Gazprom, was disadvantageous to Latvia. He added that he had rejected the
deal when he was economics minister in the previous government.
Chernomyrdin was expected to meet with his Latvian counterpart last week
but held talks only with President Guntis Ulmanis. On 26 January, Ulmanis
sharply criticized Krasts for failing to make use of the opportunity to
meet with the Russian premier. JC

POLAND PROMOTES ITSELF AS "HEALTHY TIGER." Before leaving for the World
Economic Forum in Switzerland, Polish Finance Minister Leszek Balcerowicz
said  his country is fundamentally stronger than most other emerging
markets, Reuters reported on 28 January. Balcerowicz will attend the
conference with President Aleksander Kwasniewski. Balcerowicz pointed to
Poland's high economic growth, estimated at more than 6 percent last year
and expected to reach 5.6 percent in 1998. He added that investors could
"distinguish healthy tigers from sick tigers." PB

CZECH GOVERNMENT WINS CONFIDENCE VOTE. Josef Tosovsky's cabinet on 28
January won a confidence vote in the Chamber of Deputies after pledging  to
meet the Social Democratic Party's (CSSD) main demand that it submit within
eight weeks a timetable for its privatization program, CTK reported. The
vote was 123 to 71. Earlier, CSSD deputies had proposed that the confidence
vote be postponed "indefinitely."  President Vaclav Havel welcomed the vote
in the legislature, saying it indicated that "the period of instability of
the last two months is essentially over." MS

EXTREMIST LEADER CHALLENGES HAVEL'S ELECTION. Miroslav Sladek, the leader
of the far right Republican Party, on 28 January appealed to the
Constitutional Court to rule on the legality of Havel's election as
president earlier this month. Sladek claims his constitutional rights were
violated because he was imprisoned during the vote and that Havel's
election by a one-vote margin was only possible because of Sladek's
absence. He demands that the president be prevented from taking the oath
before the court rules on the matter. MS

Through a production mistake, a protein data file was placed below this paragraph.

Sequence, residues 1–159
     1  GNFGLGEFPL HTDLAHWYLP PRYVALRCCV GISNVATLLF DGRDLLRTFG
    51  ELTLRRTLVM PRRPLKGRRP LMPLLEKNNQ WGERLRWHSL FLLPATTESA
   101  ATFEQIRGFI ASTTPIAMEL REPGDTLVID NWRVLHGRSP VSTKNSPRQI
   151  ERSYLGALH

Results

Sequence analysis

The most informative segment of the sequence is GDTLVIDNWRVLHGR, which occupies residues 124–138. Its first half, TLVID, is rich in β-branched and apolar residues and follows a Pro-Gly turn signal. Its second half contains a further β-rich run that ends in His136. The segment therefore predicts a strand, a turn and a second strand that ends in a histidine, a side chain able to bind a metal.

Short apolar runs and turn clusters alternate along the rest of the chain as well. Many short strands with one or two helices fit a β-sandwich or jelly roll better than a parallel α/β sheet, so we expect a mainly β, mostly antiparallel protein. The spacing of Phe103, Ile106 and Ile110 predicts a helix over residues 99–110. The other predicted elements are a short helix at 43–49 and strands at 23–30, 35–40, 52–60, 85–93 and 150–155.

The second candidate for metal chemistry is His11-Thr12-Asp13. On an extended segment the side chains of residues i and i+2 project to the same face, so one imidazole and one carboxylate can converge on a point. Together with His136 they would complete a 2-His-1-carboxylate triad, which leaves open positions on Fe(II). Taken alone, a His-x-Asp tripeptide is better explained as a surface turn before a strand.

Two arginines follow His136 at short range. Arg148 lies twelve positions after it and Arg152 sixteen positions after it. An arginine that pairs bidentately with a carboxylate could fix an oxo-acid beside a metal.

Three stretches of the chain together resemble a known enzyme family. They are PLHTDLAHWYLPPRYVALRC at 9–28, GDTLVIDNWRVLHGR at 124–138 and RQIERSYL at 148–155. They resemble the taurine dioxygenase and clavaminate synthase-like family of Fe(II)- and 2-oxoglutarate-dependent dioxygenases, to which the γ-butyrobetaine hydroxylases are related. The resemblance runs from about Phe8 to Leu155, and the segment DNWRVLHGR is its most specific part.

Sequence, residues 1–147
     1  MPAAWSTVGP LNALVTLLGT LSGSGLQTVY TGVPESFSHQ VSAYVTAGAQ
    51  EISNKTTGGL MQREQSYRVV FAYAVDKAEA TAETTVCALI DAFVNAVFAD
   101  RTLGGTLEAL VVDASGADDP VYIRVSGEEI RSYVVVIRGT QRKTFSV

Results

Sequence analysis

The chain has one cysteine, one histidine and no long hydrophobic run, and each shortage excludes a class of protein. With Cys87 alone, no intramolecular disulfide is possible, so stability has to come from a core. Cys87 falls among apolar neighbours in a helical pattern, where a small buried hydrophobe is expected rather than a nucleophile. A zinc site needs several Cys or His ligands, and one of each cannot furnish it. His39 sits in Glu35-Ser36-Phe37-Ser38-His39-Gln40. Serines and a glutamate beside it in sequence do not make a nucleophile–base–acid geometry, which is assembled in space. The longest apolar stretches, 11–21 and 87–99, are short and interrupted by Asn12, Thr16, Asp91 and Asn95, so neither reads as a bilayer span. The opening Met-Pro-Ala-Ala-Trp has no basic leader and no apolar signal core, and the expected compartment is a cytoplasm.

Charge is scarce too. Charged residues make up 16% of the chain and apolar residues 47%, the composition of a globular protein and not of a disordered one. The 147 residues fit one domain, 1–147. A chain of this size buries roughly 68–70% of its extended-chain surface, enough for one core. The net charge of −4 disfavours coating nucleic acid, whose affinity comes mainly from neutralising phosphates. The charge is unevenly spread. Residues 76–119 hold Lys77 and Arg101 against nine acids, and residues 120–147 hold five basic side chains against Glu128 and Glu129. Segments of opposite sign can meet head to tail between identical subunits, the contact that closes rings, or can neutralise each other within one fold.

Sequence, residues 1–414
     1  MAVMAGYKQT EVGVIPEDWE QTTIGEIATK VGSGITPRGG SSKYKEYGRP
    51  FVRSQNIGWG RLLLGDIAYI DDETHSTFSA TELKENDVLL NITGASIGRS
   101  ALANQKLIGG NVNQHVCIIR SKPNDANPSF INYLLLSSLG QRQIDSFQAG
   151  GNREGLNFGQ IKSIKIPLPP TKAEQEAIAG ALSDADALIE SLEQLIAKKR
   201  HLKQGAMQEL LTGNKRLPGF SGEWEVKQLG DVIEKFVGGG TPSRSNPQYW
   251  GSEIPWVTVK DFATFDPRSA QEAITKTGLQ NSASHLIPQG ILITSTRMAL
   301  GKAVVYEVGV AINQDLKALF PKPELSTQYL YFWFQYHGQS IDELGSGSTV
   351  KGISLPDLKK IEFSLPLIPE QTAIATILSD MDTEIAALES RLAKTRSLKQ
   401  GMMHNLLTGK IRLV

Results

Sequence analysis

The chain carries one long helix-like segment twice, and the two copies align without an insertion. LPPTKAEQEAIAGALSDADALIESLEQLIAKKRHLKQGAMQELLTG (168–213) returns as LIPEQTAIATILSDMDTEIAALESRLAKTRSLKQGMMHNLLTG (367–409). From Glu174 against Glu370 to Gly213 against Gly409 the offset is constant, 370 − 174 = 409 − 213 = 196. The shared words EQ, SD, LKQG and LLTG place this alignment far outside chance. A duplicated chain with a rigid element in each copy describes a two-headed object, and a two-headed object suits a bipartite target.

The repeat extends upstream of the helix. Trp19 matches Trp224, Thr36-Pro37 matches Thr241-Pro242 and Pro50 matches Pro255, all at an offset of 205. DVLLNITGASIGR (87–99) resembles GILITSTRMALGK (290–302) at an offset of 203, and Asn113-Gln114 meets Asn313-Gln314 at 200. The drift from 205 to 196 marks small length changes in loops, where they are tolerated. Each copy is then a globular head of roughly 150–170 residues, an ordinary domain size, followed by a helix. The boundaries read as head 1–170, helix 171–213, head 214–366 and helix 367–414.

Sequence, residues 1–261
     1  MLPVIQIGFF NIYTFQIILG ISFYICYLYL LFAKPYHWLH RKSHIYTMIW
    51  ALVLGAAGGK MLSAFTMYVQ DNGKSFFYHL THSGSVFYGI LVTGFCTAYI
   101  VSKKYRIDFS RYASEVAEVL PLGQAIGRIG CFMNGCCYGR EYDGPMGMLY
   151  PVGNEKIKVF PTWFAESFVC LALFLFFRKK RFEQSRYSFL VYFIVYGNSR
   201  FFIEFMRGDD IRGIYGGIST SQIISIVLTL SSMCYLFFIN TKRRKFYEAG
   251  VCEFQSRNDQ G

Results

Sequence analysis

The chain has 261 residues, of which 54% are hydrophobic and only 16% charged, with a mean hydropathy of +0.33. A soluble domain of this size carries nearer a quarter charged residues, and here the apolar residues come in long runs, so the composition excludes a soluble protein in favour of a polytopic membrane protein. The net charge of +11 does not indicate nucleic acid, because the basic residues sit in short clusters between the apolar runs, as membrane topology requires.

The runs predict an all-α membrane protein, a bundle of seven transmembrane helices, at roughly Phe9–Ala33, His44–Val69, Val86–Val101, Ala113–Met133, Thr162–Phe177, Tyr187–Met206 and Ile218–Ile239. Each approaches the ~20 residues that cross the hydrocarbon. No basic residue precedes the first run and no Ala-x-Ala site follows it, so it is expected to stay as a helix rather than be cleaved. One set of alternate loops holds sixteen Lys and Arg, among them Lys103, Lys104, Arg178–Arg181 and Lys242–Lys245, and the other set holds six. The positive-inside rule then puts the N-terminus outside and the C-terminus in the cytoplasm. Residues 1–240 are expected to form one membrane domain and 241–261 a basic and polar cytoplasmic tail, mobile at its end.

SLOVAK PRESIDENT ON OBSTACLES TO NATO MEMBERSHIP. Michal Kovacs on 28
January told an audience of scholars, experts, and reporters in Washington
that the problems hindering his country's membership in NATO are
"temporary" and will be overcome, an RFE/RL correspondent reported. He said
the Slovaks are genuinely devoted to democratic values and are aware that
good relations with neighboring countries are a "basic requirement for
becoming part of the new Europe." Kovacs said the priority for Slovakia
must be the elimination of a "certain deficit in democracy" and renewing
full trust between itself and the U.S. The Slovak parliament is to elect a
new president on 29 January, but observers say the legislature may be
unable to elect the new head of state before the September parliamentary
elections. MS

SLOVAKIA RENEWS RFE/RL'S LICENSE--FOR TWO YEARS ONLY. The Slovak Council
for Radio and Television on 28 January renewed RFE/RL's license but, as in
the past, did so for only two years instead of the  possible maximum of six
years. RFE/RL Slovak Service Director Miroslav Novesky said "we are
satisfied that the council made this decision, although we would have been
glad to have received a license for more than two years," CTK reported. The
council also decided that the private radio station Twist, which is often
critical of the government, will be given a frequency in the Kosice region
of eastern Slovakia, which means that the station will broadcast to more
than half of the country. MS

HUNGARY SETS DATE FOR ELECTIONS. President Arpad Goncz on 28 January
announced that the first round of general elections will be held on 10 May
and the second round on 24 May, Hungarian media reported. The decision came
after Goncz's meeting last week with the leaders of all the 11 parties that
gained at least 1 percent support in the 1994 general elections. MSZ.

HUNGARY'S MINORITIES TO FORM ETHNIC ALLIANCE. Representatives of Hungary's
German, Croatian,  and Slovak minorities have applied to register an
alliance called the Nationalities Forum, "Magyar Hirlap" reported on 29
January. Mihaly Jozan-Jilling, representative of the German minority, said
the minorities cannot wait for the parliament to make a decision on their
parliamentary representation (see "RFE/RL Newsline," 28 January 1998) and
therefore will form an election alliance based on ethnic criteria. The
Romanian and Romani minorities will decide later whether to join the
alliance. Meanwhile, Foreign Minister Laszlo Kovacs warned against any
further delay in passing legislation on parliamentary representation for
ethnic minorities, noting that Hungary's international reputation and
credibility is at stake.  MSZ

SOUTHEASTERN EUROPE

SERBS KEEP UP PRESSURE IN KOSOVO. Serbian police shot and wounded an ethnic
Albanian teenager in Kosovska Mitrovica on 28 January, an RFE/RL
correspondent reported from Pristina. In Kosovo Polje, Serbs in civilian
clothes  beat Albanian high school students, sang nationalist songs, and
damaged the building housing the private school. A similar incident took
place in Ljipljan. Police sealed off a village near Decani, fired machine